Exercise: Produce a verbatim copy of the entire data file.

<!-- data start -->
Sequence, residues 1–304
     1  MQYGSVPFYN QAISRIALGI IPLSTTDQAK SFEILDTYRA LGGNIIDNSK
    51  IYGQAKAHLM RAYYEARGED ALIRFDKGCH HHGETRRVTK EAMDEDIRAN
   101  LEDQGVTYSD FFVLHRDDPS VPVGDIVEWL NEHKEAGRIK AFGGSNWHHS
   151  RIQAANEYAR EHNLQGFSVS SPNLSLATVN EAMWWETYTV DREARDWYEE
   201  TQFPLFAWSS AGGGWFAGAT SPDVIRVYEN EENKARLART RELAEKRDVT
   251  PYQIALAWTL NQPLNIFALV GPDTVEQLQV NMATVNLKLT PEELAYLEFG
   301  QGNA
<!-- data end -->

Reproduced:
Sequence, residues 1–304
     1  MQYGSVPFYN QAISRIALGI IPLSTTDQAK SFEILDTYRA LGGNIIDNSK
    51  IYGQAKAHLM RAYYEARGED ALIRFDKGCH HHGETRRVTK EAMDEDIRAN
   101  LEDQGVTYSD FFVLHRDDPS VPVGDIVEWL NEHKEAGRIK AFGGSNWHHS
   151  RIQAANEYAR EHNLQGFSVS SPNLSLATVN EAMWWETYTV DREARDWYEE
   201  TQFPLFAWSS AGGGWFAGAT SPDVIRVYEN EENKARLART RELAEKRDVT
   251  PYQIALAWTL NQPLNIFALV GPDTVEQLQV NMATVNLKLT PEELAYLEFG
   301  QGNA